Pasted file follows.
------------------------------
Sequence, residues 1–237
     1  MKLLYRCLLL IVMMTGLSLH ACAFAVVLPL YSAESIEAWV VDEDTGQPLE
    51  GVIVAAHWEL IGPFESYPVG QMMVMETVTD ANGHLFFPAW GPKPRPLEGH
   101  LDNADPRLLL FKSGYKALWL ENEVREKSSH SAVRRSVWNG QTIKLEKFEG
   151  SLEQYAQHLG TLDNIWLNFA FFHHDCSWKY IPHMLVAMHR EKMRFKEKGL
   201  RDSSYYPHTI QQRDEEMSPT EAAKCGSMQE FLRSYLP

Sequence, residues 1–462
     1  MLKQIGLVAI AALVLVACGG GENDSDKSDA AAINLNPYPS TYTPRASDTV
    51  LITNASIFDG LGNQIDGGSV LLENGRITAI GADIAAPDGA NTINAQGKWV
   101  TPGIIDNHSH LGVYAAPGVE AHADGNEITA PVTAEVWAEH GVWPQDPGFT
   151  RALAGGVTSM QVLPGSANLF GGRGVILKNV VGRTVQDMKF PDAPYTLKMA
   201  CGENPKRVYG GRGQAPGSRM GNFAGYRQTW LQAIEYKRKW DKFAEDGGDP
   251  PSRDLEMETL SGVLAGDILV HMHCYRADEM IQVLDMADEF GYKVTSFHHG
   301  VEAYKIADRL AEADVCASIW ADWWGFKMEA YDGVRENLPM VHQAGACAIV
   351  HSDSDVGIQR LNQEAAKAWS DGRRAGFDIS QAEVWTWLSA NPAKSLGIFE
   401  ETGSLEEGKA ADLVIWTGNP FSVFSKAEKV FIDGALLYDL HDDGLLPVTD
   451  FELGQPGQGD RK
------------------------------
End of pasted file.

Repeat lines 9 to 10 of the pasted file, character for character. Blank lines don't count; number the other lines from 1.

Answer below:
    51  LITNASIFDG LGNQIDGGSV LLENGRITAI GADIAAPDGA NTINAQGKWV
   101  TPGIIDNHSH LGVYAAPGVE AHADGNEITA PVTAEVWAEH GVWPQDPGFT